A year ago today I was, as I am today, writing a blog post in the day care center where I do my rehabilitation work. I described myself then as “sanguine about my chances for eventually being able once more to walk, and drive, and cook, and even return to my desk at the office”. It turns out that I was right to be (cautiously) optimistic.
The doctor who officially assessed my handicap level just prior to my release from the hospital told me to prepare mentally and emotionally, and resign myself to the likelihood of being wheelchair-bound for the rest of my life. He appears to have been somewhat too pessimistic: I have returned the rental wheelchair upon which I relied for over a year.
I am now, using a walker, walking smoothly and with relatively little effort. Completely hands-free walking is still limited to only a few steps, and I still have some balance and fine motor control issues, but walking with one hand on a railing or nearby stable surface for support is getting easier and easier for more and more steps each day. Stair climbing practice proceeds apace, and it seems that I can realistically expect to be walking with a cane in the relatively near future. Beyond that it’s a tougher call, but I’m relatively pleased with my progress on the walking front.
With my driver’s license renewal coming up, and the new requirement for a senior driver ability assessment in the offing, I was somewhat concerned. Thanks to Takaoka-san, my house-call physical therapist, and to the endlessly patient, cheerful, inventive, and professional crew of therapists and other staff at the day care/rehab center, I’m now able to get into and out of my car, and drive and park it pretty much anywhere that I want to. I’m quite confident about passing any driving tests that may be imposed, as long as the authorities don’t have a problem with me getting up to the driver’s seat using a walker.
Cooking and related tasks have become feasible, and I’ll be doing more as the time increases during which I can stay standing up and balanced while using both hands for the fetching, chopping, stirring, or whatever. Cooking has moved from the “can I?” to a “how smoothly can I?” area.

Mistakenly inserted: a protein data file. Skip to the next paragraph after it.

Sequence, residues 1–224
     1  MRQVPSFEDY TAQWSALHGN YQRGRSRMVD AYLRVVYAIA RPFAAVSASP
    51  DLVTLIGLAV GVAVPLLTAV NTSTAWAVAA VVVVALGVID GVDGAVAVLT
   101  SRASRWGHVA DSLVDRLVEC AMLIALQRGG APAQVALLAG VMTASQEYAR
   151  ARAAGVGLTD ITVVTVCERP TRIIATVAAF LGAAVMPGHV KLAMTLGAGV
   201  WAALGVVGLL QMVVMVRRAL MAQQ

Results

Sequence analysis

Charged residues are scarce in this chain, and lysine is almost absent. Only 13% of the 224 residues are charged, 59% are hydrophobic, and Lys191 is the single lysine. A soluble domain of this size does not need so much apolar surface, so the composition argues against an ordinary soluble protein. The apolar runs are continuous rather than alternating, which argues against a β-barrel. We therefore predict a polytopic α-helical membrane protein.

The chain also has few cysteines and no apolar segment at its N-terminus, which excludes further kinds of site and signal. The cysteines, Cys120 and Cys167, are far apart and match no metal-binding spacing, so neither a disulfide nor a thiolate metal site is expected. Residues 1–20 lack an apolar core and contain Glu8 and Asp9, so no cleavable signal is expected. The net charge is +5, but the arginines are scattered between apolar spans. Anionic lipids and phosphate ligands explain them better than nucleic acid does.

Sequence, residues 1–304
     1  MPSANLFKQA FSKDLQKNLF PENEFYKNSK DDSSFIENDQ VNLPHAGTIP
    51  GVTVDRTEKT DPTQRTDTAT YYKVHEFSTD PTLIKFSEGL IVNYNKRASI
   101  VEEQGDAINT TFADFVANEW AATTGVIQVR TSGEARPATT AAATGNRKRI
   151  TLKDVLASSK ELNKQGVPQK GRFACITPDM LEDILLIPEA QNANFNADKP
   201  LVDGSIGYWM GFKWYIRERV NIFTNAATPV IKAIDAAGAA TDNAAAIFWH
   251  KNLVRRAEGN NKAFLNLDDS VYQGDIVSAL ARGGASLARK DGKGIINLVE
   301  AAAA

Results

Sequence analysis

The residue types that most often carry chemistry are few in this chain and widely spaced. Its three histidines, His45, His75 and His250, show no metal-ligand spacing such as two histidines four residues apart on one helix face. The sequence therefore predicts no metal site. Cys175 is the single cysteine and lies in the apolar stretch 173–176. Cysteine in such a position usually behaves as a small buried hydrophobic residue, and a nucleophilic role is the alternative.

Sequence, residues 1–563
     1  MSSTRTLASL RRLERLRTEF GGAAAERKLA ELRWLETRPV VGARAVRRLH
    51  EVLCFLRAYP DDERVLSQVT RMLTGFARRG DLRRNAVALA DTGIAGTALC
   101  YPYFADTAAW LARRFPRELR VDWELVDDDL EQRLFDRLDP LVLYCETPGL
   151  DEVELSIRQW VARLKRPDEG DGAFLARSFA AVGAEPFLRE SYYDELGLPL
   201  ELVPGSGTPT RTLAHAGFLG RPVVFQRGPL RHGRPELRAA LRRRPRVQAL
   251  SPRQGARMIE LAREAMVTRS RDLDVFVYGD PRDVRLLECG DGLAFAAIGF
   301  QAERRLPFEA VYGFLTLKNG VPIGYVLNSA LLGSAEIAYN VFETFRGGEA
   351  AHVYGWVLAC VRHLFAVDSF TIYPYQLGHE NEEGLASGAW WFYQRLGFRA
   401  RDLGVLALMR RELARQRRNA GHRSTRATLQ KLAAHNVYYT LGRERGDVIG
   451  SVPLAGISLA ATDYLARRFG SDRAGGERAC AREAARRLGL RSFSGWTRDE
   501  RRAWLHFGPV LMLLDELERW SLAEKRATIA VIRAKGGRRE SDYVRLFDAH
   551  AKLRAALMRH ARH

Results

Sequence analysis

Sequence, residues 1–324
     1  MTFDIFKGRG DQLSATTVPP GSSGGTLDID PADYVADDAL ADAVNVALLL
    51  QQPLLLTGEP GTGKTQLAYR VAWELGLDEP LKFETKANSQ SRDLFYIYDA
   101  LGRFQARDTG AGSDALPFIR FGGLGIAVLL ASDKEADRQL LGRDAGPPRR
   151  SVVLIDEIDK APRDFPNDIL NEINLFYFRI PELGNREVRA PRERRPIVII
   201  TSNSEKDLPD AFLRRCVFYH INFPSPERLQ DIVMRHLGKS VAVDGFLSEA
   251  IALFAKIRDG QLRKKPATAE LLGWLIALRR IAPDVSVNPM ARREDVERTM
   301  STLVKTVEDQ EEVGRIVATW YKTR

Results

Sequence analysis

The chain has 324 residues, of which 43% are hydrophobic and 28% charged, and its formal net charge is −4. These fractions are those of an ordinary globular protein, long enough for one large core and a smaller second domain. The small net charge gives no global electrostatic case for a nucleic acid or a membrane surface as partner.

As for my paying jobs, I continue to work from home on one or another computer, having gotten a head start on the COVID-19-driven teleworking campaign with my hospitalization around a year before the novel coronavirus became an issue. Using either a portable WiFi router when at rehab or my home internet provider when in the house, I have relatively little trouble with the job, and probably became acclimated to large-scale teleworking much sooner than my colleagues, who have been forced into at least partial teleworking more recently. By the time that COVID-19 is no longer serious enough to demand teleworking and other anti-infection measures, I may actually be physically recovered enough to return to a physical presence in the office. We’ll see whether or when that takes place.
The world has changed considerably in the last two years, particularly in the last year, and so have I. Restrictions on activities imposed by the pandemic have affected me personally less than they have most of my friends and relatives, because my movement and activity had already been severely constrained by the vagaries of my nervous system and musculature. It now seems much more realistic to look forward to actually visiting restaurants and bars and other places that I had erstwhile been wont to frequent.
I have reasonable hope that restrictions on operation—whether those of shops or of my own body--will be lifted before too very much longer. I’m not letting up on my rehab efforts, and a full—or at least sufficient—recovery will, I know, take as long as it will take. I’m hoping that’s less than another two years, or even another year, but I intend to keep up the pace, and maybe even increase it a bit.
I can get down the road by driving now, but that doesn’t mean that I won’t be walking, too.